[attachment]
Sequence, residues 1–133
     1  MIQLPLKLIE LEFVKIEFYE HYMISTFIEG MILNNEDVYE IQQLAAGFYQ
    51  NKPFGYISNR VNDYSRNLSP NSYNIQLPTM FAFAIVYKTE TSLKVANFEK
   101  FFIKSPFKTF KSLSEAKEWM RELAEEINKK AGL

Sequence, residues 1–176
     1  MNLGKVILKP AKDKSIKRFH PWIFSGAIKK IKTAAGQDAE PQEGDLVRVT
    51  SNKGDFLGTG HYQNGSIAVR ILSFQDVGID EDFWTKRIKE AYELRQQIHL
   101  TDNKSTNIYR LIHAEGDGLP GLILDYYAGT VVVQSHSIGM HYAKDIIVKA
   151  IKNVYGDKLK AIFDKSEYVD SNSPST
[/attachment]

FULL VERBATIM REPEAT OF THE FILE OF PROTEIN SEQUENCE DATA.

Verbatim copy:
Sequence, residues 1–133
     1  MIQLPLKLIE LEFVKIEFYE HYMISTFIEG MILNNEDVYE IQQLAAGFYQ
    51  NKPFGYISNR VNDYSRNLSP NSYNIQLPTM FAFAIVYKTE TSLKVANFEK
   101  FFIKSPFKTF KSLSEAKEWM RELAEEINKK AGL

Sequence, residues 1–176
     1  MNLGKVILKP AKDKSIKRFH PWIFSGAIKK IKTAAGQDAE PQEGDLVRVT
    51  SNKGDFLGTG HYQNGSIAVR ILSFQDVGID EDFWTKRIKE AYELRQQIHL
   101  TDNKSTNIYR LIHAEGDGLP GLILDYYAGT VVVQSHSIGM HYAKDIIVKA
   151  IKNVYGDKLK AIFDKSEYVD SNSPST